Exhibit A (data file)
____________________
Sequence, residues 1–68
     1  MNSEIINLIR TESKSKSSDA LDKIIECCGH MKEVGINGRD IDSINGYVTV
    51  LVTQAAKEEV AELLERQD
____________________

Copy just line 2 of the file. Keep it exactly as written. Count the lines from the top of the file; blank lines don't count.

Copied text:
     1  MNSEIINLIR TESKSKSSDA LDKIIECCGH MKEVGINGRD IDSINGYVTV